Short answer study data (n = 289) were collected in Fall 2020 as part of a larger IRB-approved survey-based study focused on pre-nursing students. Participants were presented with three short answer questions designed to elicit a description of their experiences as a pre-nursing student. NVivo and reflexive thematic analysis were used to analyse participant responses.
Six themes related to learner well-being emerged from the data. Learner well-being was supported by achieving academic goals, experiencing positive feelings about current course content, creating connections with peers and envisioning themselves as nurses in the future. Negative contributors to pre-nursing student well-being included managing fears of program rejection and juggling multiple roles and demands. Online learning necessitated by COVID-19 created opportunities for loneliness and isolation from peers, technological difficulties and additional psychological stress, which also contributed negatively to learner well-being.
These findings illustrate pre-nursing students' experiences and provide support for the influence of the learning environment and factors within the individual on the well-being of learners.
Students preparing to apply to nursing programs are an understudied population and little is known about their well-being as learners. Survey-based open-ended short answer questions can be utilized to gain rich insight into their experiences. The study themes and sub-themes can be utilized for discussion and reflection in courses with pre-nursing students and as a starting point for additional conversations between pre-nursing students and educators regarding improving the support of well-being in learners. Additional research and evidence-based interventions that promote learner well-being in pre-nursing students are needed as they prepare for nursing program admission and to support their academic progression.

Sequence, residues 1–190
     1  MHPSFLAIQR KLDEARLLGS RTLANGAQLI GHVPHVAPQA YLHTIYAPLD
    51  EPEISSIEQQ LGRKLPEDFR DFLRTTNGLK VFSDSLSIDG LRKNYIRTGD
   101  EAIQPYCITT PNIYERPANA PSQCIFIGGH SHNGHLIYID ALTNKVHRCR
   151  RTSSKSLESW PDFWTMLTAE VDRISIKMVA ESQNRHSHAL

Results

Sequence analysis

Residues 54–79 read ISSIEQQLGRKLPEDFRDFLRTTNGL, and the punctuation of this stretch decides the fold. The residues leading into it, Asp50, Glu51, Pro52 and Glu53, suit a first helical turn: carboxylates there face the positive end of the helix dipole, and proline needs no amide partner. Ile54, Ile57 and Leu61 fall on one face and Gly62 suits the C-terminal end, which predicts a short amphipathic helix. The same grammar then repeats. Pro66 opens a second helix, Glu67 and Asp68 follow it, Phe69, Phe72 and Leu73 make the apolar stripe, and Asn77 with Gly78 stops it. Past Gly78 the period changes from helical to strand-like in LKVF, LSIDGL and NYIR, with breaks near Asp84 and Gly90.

Members of the public were not involved in the design or conduct of the study, analysis, or interpretation of the data, or in the preparation of the manuscript because the study focus is on gaining an understanding the experiences of pre-nursing students and their well-being.
To determine the prevalence of vitamin D deficiency in adults with Crohn's Disease (CD) in Birmingham, UK (latitude 52.4°N, −1.9°E) and identify modifiable risk factors.
A nurse-led, single-centre, prospective study was conducted over 5 months in 2019 and 2020 in outpatients with CD, at a tertiary referral hospital in Birmingham UK. Vitamin D (25OHD) levels were measured at a single timepoint by a dried blood spot sample. Modifiable risk factor data were collected including intake of vitamin D-containing foods, use of vitamin D supplements, sun exposure and current smoking.
Total 150 participants (53.3% male, 79.3% white British). Vitamin D deficiency (25OHD <50 nmol/L) was found in 53.3%. 32.7% of participants took over-the-counter vitamin D supplements and 20.7% used prescribed supplements. We found that diets were generally poor in relation to vitamin D-rich foods. In terms of sun exposure, few (18%) had visited a sunny country recently, and few (6%) covered their whole body with clothing. Most used High Sun Protection Factor (80%) with a median grade of SPF 45.